Bryn Mawr Classical Review 03.03.27


Commentary


This note concludes the e-sendings from BMCR 3.3. There will be a discreet pause while Professor Hamilton goes walking in Scotland and Professor O'Donnell retires to his summer place, a discreet hilltop mansion surrounded by spreading lawns, to lead an NEH seminar for school teachers on Augustine's City of God. We may both be incommunicado (not to mention hors de combat) for a while therefore.

City of God sets me thinking about how we become scholars and what rivers run through our lives, all but invisible to colleagues and students. The circumstances by which I came to spend the fall of 1969 reading substantial excerpts in translation of City of God are convoluted and fraught with coincidence: it could easily not have happened. But it did, and somehow or other that became the book and the experience that defined everything that has happened since. Book 19 of City of God, with his rhapsody on the theme of 'peace', made powerful reading in the time of moratoria and marches on Washington that would culminate a few months later in the paroxysm of reaction to the Cambodian invasion; but that topicality alone cannot explain the power the work had over me. What uncanny resonance could the translated Ciceronian rhythms and Christian doctrines find in a perspiring 19-year old from west Texas who was only just discovering that Latin was a language that could be read and not a code to be disencrypted?

It's not that it was odd that I should like the book -- we all like many books; but what explains why and how this book hit the home run when many others equally famous, equally influential, equally (on average) powerful, had to settle for scratch singles and meek grounders to short? Augustine would say elsewhere 'factus eram ipse mihi magna quaestio', and it is one of his most 'modern' and accessible thoughts: questions like that never quite get answered.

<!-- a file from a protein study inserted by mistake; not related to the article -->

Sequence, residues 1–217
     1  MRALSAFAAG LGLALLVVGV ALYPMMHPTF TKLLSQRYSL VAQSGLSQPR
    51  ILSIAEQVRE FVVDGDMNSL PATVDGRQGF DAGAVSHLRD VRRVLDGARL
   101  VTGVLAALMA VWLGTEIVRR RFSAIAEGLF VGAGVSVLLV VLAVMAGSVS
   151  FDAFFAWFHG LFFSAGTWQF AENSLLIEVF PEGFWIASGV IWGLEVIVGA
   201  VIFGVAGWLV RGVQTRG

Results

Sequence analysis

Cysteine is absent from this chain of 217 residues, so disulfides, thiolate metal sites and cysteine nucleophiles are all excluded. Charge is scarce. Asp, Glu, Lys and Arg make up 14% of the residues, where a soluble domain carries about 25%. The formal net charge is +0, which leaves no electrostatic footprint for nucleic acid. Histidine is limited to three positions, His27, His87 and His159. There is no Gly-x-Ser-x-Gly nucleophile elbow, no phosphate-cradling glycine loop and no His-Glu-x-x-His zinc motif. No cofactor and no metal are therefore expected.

The book has lived on with me, through ups and downs. Oddly enough, I've hardly ever taught the text, and I never wrote the book I thought I might write (instead a short chapter in a general reader's book about Augustine, an unpublished general article, and two or three articles I wrote thinking they were preliminary to s omething larger), and eventually the biennial rereading of the whole Latin text gave way to other Augustinian obsessions. Now I come back to spend six weeks with the work with an eery sense of recognition and at the same time a profound sense of the truth about the old one about stepping in the same river twice. I'm curious to see what it will do to me this time, but almost more curious to know what it might do to me in another twenty years time.

I've heard of this sort of benign demonic possession happening to people who read Euripides or Plato or even Propertius, but City of God does not usually have this effect on people. But most readers of this note will know what I mean: it's the book that you read when young that somehow sweeps you up out of your provincial upbringing and convinces you that in the study of stuff like thisthere is a whole world of meaning and adventure. The Irishman Stephen MacKenna1 started as a bank clerk who translated the Imitation of Christ by night, became a dashing foreign correspondent who dabbled in Marcus Aurelius on the side, and then bought Plotinus in St. Petersburg while he was there covering the 1905 revolution. Three years later he decided that translating Plotinus into English was 'really worth a life', and spent the next twenty years driving himself into the grave: 'I doubt if there are agonies', Dodds in the foreword to the translation quotes him as saying, 'this side crime or perhaps cancer, more cruel than that of literary and intellectual effort that will not work out to achievement.' It would be hard in cold prose to defend that kind of self-sacrifice, but you feel the integrity and the necessity of it in the gut, and feel lucky to have gotten off so easily in comparison.

JO'D 28 June 1992


NOTES

  • [1] E.R. Dodds was a friend and patron of MacKenna and looked after his translation of Plotinus after MacKenna's death and also published a volume of M.'s Journal and Letters. See also Dodds' poignant memoir, Missing Persons. Though there is a better translation now (by A.H. Armstrong in the Loeb Library), MacKenna's remains oddly irresistible, the work not of a scholar but of a devout believer; an abridgement has just been published by Penguin, with an introduction by John Dillon.